CISA, FBI, and CNMF confirmed that nation-state advanced persistent threat (APT) actors exploited CVE-2022-47966 to gain unauthorized access to a public-facing application (Zoho ManageEngine ServiceDesk Plus), establish persistence, and move laterally through the network. This vulnerability allows for remote code execution on the ManageEngine application. Additional APT actors were also observed exploiting CVE-2022-42475 to establish presence on the organization’s firewall device.

The authoring agencies urge organizations to review this CSA and implement the recommended mitigations, which align with CISA’s Cross-Sector Cybersecurity Performance Goals (CPGs)—developed by CISA and the National Institute of Standards and Technology (NIST)—as well as NSA-recommended best practices for securing infrastructure.

All organizations should report suspicious or criminal activity related to information found in this joint Cybersecurity Advisory by contacting your local FBI field office and CISA’s 24/7 Operations Center at or (888) 282-0870.

Sept. 6, 2023

CISA has released actionable guidance for Federal Civilian Executive Branch (FCEB) agencies to help them evaluate and mitigate the risk of volumetric distributed denial-of-service (DDoS) attacks against their websites and related web services. The Capacity Enhancement Guide: Volumetric DDoS Against Web Services Technical Guidance:

  • Helps agencies prioritize DDoS mitigations based on mission and reputational impact.
  • Describes DDoS mitigation services so agencies can make risk-informed tradeoff decisions on how to use available resources most effectively.

CISA encourages FCEB agencies to review the guidance and apply the recommendations. Visit Capacity Enhancement Guides for Federal Agencies for more ways to reduce cybersecurity risk.

August 31, 2023

Today, the United Kingdom’s National Cyber Security Centre (NCSC-UK), the United States’ Cybersecurity and Infrastructure Security Agency (CISA), National Security Agency (NSA), and Federal Bureau of Investigation (FBI), New Zealand’s National Cyber Security Centre (NCSC-NZ), Canadian Centre for Cyber Security (CCCS), and the Australian Signals Directorate (ASD) published a joint Malware Analysis Report (MAR), on Infamous Chisel a new mobile malware targeting Android devices with capabilities to enable unauthorized access to compromised devices, scan files, monitor traffic, and periodically steal sensitive information. Infamous Chisel mobile malware has been used in a malware campaign targeting Android devices in use by the Ukrainian military.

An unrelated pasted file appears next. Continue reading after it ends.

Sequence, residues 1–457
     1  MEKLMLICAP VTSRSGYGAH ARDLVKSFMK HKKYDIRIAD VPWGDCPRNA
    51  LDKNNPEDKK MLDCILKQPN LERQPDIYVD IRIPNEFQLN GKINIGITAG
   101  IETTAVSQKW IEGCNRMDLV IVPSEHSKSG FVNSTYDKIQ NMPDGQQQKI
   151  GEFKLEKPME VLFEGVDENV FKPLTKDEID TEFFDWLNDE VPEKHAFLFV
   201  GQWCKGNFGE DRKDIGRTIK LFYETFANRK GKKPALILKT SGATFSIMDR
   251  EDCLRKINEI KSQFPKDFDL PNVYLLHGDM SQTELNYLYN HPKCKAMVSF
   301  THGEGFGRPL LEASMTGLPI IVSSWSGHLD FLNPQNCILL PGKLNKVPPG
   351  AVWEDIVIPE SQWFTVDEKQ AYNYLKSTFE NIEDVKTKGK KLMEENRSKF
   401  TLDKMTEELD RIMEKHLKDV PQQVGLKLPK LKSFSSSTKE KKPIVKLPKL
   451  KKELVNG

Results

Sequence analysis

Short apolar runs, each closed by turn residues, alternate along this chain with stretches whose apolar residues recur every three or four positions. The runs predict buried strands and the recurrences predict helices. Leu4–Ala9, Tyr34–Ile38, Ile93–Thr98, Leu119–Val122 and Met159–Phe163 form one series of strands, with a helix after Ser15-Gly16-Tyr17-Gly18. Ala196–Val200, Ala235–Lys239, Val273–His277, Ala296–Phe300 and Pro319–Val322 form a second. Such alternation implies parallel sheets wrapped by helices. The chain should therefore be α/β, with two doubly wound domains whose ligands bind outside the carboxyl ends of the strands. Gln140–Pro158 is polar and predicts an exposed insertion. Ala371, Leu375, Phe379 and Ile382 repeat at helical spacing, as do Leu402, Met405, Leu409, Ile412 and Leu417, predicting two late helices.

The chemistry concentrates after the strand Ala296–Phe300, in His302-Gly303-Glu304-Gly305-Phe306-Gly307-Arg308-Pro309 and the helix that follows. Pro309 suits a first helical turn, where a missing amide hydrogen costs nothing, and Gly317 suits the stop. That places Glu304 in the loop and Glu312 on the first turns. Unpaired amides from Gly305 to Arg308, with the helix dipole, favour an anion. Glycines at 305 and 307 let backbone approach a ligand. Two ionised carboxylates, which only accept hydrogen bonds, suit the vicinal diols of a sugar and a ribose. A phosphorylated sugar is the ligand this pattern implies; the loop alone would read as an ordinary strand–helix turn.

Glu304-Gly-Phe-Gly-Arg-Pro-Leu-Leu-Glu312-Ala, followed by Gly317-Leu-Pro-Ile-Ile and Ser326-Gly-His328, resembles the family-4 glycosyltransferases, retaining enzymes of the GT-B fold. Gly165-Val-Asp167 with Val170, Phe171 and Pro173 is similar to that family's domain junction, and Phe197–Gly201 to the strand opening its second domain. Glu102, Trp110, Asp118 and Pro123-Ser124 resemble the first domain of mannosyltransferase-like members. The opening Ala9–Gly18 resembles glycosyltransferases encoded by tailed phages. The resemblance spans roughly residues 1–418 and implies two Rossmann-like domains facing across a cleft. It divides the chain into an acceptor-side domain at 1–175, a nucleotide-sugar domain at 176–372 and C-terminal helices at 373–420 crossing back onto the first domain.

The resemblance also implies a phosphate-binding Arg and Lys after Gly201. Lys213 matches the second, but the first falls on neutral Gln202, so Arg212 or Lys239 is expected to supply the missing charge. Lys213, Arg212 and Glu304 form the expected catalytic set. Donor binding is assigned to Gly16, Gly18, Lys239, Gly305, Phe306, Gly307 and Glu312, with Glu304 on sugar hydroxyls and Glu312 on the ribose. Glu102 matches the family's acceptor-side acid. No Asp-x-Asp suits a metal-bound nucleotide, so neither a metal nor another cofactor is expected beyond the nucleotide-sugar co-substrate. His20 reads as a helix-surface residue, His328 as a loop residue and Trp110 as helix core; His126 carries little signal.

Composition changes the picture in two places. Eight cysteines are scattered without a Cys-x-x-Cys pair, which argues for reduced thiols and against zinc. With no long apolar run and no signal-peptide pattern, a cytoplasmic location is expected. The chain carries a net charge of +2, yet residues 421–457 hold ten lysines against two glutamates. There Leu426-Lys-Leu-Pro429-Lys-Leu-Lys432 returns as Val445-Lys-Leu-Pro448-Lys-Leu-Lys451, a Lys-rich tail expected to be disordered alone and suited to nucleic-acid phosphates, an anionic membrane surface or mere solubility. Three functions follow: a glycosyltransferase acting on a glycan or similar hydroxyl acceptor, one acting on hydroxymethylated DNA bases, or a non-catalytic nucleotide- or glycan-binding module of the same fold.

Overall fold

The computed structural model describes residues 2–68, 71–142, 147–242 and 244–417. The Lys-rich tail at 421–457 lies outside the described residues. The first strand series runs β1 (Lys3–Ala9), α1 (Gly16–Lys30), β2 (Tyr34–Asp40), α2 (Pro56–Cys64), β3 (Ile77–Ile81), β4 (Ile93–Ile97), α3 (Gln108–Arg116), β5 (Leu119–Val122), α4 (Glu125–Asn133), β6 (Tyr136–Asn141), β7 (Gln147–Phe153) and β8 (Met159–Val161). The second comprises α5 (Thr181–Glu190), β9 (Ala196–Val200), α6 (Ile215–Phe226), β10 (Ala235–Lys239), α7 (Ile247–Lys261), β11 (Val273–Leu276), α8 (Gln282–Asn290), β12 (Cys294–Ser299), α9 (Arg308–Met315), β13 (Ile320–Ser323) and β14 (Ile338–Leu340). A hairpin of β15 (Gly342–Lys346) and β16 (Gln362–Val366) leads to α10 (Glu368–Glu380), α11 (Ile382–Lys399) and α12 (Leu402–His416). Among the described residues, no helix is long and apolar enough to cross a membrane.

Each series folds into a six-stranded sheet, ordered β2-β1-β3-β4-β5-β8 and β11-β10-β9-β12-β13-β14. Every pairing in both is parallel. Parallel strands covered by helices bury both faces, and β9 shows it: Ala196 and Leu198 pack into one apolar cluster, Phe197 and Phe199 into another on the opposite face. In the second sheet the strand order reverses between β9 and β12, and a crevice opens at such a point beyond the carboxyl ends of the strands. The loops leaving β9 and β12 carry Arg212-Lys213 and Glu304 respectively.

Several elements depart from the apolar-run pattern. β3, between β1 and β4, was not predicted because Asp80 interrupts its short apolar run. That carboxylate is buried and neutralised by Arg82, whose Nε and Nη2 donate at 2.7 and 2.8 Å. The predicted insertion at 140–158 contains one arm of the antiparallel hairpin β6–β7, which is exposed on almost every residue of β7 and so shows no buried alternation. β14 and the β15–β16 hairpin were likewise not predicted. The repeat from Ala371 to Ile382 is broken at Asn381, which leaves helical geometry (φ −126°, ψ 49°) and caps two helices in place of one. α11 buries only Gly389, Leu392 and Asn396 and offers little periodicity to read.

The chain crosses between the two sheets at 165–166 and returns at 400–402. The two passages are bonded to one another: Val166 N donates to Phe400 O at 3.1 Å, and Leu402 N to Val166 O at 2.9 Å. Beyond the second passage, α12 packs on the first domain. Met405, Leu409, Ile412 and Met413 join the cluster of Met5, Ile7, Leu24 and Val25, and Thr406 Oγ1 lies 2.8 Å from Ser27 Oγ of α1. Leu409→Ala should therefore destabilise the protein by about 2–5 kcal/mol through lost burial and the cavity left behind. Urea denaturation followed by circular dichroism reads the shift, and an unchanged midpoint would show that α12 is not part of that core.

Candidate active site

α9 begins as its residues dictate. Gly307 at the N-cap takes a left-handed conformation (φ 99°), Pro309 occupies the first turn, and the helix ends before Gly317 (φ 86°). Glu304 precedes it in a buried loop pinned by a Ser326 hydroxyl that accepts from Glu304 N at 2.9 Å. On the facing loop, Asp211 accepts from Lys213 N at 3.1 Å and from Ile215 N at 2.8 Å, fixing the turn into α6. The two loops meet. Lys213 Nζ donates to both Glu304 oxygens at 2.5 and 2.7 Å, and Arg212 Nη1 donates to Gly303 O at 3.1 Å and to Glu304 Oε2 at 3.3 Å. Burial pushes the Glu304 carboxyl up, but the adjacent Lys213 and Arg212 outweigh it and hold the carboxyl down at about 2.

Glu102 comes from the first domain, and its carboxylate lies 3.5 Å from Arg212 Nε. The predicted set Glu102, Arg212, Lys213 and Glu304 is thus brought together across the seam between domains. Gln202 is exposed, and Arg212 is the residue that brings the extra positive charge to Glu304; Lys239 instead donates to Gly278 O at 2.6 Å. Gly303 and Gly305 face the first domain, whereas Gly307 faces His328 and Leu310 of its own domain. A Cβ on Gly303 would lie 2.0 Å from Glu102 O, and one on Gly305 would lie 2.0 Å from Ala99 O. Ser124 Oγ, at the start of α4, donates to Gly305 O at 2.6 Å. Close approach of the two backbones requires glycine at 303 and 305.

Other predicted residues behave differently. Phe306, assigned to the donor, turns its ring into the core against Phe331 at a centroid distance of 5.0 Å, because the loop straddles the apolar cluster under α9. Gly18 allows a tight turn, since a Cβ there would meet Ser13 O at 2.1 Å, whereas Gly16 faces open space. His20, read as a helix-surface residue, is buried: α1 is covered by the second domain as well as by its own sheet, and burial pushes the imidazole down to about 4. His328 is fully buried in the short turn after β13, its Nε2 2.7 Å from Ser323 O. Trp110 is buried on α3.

Infamous Chisel is a collection of components targeting Android devices and is attributed to Sandworm, the Russian Main Intelligence Directorate’s (GRU’s) Main Centre for Special Technologies, GTsST. The malware’s capability includes network monitoring, traffic collection, network backdoor access via The Onion Router (Tor) and Secure Shell (SSH), network scanning and Secure Copy Protocol (SCP) file transfer.

The authoring organizations urge users, network defenders, and stakeholders to review the malware analysis report for indicators of compromise (IOCs) and detection rules and signatures to determine system compromise. For more information about malware, see CISA’s Malware, Phishing, and Ransomware page. The joint MAR can also be read in full on the NCSC-UK website. Associated files relating to this report can also be accessed via the NCSC’s Malware Analysis Reports page. For more information on Russian state-sponsored cyber activity, please see CISA’s Russia Cyber Threat Overview and Advisories webpage.

August 30, 2023

Today, the Cybersecurity and Infrastructure Security Agency (CISA) and Federal Bureau of Investigation (FBI) released a joint Cybersecurity Advisory (CSA), Identification and Disruption of QakBot Infrastructure, to help organizations detect and protect against newly identified QakBot-related activity and malware. QakBot—also known as Qbot, Quackbot, Pinkslipbot, and TA570—is responsible for thousands of malware infections globally.